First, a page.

The advantages of flexible working seem to swing both ways, for the employer and employee. The CIPD found that if workers were given the freedom to work flexibly, they were more engaged, more likely to speak positively about their organisation and less likely to leave.


The business case for flexible working:


  • Saving money on renting office space – according to Lambeth Council, if  60% of its staff or fewer, are in the office at any one time, they can make an annual saving of £4.5 million per year on running costs.
  • Attracting talent – the talent pool to draw from will be significantly increased if an employer offers flexible working for every new vacancy
  • Retaining talent – hiring a new employee is expensive. Offering every incentive to keep the great staff you already have must be a good thing.
  • Improving productivity – as mentioned above, the statistics prove the business case for flexible working, when productivity actually goes up, when working hours, (but not pay) are reduced. Recent research from the University of Oxford has found that happy workers are 13% more productive. The researchers from Saïd Business School, University of Oxford in collaboration with BT found happy workers do not work more hours but are more productive in their time.
  • Improving diversity – many highly skilled women leave the workforce mid-career to care for children or relatives, creating a ‘diversity vacuum’ at the top of many organisations, and are often reluctant to come back to a workplace that offers no flexibility. The good news is that the proportion of roles with salaries of over £80,000 advertised with flexible working options has increased to 16%, up from 9% in 2018 and 5% in 2016.
  • It helps companies achieve their carbon neutral goals, as working from home cuts travel and therefore emissions.




There can be some disadvantages in the early stages of setting up new flexible arrangements. Working from home can introduce IT security risks but technology available now means that it is an easy fix. Making sure that GDPR data protection regulations are met can also take time and some extra training, but is not insurmountable. Similarly, keeping track of hours worked can be a challenge for the payroll team, but these issues are likely to be easily ironed out in the initial stages of changing to a new flexible working regime. And finally, good internal communication will overcome any possible feelings of resentment felt by other staff who might feel that they’re not being treated fairly.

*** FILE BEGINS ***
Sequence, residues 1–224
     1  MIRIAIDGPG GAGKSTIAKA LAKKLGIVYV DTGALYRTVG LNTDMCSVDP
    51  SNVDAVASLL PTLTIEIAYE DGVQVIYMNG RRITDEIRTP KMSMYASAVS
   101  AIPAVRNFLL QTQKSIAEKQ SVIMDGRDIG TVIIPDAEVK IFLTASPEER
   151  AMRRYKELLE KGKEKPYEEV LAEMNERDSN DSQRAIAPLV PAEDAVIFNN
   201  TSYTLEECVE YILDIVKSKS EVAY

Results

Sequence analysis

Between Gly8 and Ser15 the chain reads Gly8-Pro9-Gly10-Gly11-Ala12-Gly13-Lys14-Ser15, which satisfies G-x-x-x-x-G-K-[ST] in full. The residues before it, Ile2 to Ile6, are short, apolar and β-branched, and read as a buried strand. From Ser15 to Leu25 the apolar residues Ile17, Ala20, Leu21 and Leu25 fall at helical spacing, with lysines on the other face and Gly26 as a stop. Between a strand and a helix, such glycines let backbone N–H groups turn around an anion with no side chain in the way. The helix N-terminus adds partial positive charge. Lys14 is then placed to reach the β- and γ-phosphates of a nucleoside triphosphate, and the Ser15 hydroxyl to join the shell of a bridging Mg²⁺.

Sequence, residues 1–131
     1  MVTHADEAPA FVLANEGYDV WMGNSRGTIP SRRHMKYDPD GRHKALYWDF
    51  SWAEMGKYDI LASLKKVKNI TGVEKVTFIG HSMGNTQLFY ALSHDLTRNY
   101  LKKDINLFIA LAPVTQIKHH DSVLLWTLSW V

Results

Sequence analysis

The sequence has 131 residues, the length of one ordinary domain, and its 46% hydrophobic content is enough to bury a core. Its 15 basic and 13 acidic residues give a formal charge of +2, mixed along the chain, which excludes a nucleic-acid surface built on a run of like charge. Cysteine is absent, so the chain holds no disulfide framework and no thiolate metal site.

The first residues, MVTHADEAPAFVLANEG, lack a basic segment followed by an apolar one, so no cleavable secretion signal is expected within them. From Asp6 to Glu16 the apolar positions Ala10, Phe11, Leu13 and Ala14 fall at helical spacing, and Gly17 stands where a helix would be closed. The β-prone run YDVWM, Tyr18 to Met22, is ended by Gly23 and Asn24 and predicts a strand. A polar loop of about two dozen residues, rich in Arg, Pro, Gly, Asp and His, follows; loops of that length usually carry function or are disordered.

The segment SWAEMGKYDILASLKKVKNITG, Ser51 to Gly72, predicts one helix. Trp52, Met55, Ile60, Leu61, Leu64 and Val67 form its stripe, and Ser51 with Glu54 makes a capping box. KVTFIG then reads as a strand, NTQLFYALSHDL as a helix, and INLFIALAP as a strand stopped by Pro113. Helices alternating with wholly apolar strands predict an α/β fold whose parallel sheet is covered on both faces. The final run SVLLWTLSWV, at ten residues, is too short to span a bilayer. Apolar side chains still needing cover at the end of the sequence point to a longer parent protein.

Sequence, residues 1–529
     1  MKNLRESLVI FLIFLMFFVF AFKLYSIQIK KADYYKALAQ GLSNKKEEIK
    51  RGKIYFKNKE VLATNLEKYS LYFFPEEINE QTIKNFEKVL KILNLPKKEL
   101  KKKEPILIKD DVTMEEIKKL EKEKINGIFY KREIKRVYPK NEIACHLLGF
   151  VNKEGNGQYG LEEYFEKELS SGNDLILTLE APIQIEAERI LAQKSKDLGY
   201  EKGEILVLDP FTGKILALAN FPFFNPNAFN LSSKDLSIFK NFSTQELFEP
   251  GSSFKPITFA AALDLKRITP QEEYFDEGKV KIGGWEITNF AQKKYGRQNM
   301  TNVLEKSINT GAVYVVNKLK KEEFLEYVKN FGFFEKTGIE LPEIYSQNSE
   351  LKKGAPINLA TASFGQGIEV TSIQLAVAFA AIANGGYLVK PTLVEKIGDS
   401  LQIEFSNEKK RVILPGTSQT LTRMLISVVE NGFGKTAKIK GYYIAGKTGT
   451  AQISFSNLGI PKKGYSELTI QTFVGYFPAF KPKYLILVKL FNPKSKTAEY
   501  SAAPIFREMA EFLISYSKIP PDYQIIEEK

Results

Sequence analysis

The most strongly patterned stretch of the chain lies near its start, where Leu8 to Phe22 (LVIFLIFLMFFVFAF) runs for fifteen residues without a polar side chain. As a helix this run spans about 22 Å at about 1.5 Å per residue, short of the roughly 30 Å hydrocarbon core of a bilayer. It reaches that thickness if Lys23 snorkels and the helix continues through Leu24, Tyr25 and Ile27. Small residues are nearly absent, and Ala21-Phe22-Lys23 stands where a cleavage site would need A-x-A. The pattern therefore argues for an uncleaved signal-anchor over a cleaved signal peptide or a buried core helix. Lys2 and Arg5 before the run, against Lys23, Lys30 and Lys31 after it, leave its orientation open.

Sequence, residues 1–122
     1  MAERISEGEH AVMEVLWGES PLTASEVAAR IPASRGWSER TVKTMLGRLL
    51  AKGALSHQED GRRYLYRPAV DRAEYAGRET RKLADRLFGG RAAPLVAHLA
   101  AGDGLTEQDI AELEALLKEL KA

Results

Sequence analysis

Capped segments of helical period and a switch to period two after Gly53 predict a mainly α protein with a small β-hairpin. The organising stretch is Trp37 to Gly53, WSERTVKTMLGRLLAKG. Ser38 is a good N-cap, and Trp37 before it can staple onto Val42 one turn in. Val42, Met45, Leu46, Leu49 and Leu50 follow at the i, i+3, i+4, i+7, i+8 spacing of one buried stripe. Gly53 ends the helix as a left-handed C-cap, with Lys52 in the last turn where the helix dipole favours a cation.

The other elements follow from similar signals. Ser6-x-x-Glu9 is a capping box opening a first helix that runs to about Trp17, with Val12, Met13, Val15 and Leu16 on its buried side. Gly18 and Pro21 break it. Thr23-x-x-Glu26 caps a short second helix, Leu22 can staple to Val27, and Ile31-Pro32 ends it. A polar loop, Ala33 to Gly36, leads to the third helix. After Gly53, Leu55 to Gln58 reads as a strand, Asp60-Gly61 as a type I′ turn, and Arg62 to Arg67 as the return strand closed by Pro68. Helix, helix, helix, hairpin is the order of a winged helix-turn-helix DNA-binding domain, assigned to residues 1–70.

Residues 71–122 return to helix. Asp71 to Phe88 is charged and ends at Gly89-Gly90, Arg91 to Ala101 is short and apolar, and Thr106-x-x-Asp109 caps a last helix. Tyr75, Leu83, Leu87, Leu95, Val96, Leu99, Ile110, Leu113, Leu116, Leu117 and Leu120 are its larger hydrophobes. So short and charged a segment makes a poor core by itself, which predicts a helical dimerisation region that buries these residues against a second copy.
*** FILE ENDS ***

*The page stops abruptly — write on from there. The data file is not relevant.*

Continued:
The most difficult issue to resolve is with those professions that are service related and require a physical presence to do their jobs such as airline pilots, retail workers or health professionals. Workers in these types of professions clearly can’t work from home, but there are other options that can be made available to them with some planning and a willing attitude from those senior managers who have the final say.


Case studies:


A group of Chief Executives and Chairmen from leading employers got together to consider the issue of workforce agility and how UK business might support the growth of workforce agility across UK plc. As a result the Agile Future Forum (AFF) was formed with 22 founder companies all different in terms of sector, size and location, but with a common view that workforce agility is generating significant and tangible economic benefits for businesses.